Feature

Bearing Arms

Firearms are woven into the historical fabric of the West. But while the coverage of tragedies—like the mass shootings at Columbine High School and, more recently, at an Aurora movie theater—often paints a simplistic picture of guns and gun owners, the reality is infinitely more complicated. Behind the divisive gun-control debate, there are people. Here are the stories of nine Colorado gun owners, in their own words.

By
November 2012

Martha Altman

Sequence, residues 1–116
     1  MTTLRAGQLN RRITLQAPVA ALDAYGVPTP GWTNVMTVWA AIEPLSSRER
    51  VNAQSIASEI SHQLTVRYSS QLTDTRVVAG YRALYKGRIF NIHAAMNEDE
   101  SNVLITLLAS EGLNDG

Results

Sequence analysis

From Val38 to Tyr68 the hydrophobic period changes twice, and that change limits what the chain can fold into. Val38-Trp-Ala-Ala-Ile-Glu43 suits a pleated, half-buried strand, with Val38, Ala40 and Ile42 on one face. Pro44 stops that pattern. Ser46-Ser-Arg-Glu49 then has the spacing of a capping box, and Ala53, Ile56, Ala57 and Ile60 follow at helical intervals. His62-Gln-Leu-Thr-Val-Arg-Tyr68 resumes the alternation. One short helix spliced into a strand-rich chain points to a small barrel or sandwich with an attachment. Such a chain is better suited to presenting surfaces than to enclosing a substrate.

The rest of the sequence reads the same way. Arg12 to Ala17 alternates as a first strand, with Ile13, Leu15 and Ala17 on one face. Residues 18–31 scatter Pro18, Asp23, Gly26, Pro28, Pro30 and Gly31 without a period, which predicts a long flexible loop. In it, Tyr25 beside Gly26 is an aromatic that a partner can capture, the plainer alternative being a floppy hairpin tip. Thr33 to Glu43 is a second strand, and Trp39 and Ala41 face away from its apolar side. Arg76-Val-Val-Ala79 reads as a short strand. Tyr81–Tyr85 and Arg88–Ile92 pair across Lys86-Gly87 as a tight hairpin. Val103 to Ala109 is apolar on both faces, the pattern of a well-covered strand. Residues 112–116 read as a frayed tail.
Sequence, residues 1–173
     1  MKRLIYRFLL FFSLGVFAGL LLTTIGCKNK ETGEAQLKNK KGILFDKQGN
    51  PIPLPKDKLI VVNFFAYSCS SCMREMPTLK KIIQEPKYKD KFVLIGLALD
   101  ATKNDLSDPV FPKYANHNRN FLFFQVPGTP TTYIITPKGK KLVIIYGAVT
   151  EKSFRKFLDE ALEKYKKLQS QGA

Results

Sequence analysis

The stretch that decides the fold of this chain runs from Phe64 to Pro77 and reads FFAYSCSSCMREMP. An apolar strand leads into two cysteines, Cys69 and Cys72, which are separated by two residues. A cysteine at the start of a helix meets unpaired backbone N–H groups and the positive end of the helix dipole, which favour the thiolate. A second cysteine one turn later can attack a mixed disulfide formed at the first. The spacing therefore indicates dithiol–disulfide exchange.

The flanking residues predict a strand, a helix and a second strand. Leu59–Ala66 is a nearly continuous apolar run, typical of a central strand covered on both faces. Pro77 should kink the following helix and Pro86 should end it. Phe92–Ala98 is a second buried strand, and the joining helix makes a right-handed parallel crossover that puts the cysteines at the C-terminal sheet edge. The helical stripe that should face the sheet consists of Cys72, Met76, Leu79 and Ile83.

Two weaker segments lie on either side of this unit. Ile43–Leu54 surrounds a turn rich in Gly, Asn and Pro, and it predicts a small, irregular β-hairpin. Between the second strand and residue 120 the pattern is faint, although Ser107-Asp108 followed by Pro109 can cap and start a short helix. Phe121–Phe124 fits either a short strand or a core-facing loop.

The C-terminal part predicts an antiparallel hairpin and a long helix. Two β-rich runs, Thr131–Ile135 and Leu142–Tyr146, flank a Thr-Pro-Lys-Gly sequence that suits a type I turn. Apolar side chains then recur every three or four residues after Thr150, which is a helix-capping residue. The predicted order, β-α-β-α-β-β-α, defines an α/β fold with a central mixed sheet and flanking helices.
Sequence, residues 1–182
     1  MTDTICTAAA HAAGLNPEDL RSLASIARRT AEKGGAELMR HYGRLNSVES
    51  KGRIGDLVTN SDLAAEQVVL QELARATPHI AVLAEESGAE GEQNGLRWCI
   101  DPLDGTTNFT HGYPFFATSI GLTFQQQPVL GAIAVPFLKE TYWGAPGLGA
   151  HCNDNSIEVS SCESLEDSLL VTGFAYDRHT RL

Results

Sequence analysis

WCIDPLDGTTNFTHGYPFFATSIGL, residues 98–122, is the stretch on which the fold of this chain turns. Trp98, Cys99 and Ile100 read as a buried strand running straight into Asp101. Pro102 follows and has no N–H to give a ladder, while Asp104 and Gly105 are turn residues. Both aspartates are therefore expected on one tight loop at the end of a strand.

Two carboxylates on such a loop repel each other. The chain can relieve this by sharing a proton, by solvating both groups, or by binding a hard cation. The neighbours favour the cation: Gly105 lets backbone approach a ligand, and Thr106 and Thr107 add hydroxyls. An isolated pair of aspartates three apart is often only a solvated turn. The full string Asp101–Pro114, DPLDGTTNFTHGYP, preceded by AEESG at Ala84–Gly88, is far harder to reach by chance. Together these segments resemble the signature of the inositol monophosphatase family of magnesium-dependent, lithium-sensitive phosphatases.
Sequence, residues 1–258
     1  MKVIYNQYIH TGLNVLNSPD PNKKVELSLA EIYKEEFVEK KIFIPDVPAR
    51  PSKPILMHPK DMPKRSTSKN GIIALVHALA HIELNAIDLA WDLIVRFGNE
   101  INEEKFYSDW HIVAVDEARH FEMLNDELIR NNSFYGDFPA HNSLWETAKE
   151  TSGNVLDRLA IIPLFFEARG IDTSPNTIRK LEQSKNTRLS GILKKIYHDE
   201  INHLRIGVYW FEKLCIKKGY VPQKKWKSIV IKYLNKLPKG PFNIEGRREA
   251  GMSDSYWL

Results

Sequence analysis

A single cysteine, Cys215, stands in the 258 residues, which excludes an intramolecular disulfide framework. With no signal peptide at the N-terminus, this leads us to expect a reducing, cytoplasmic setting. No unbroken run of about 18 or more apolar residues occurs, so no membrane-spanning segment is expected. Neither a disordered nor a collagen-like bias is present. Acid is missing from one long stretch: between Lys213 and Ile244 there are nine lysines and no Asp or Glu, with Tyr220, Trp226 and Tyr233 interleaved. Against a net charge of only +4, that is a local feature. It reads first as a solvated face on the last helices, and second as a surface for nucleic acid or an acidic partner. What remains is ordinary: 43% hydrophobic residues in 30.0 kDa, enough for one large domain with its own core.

Former employee at the Anschutz Medical Campus; plaintiff in the lawsuit that was brought against the University of Colorado Board of Regents in 2008
Broomfield

Guns are not in the forefront of my life. I have them, I’m comfortable with them. Guns allow me the choice of defending myself. I’m not always going to have someone around who will be able to protect me, and I have to do that myself. I was working at the Anschutz Medical Campus when the Colorado Supreme Court decision came down, and the first day it was legal to carry a gun, I drove on campus and I got out of my car with my weapon in my pocket. It was liberating. No one knows if I have it or not. My friends and family never ask. I may or may not have it, but people should just assume that I do.

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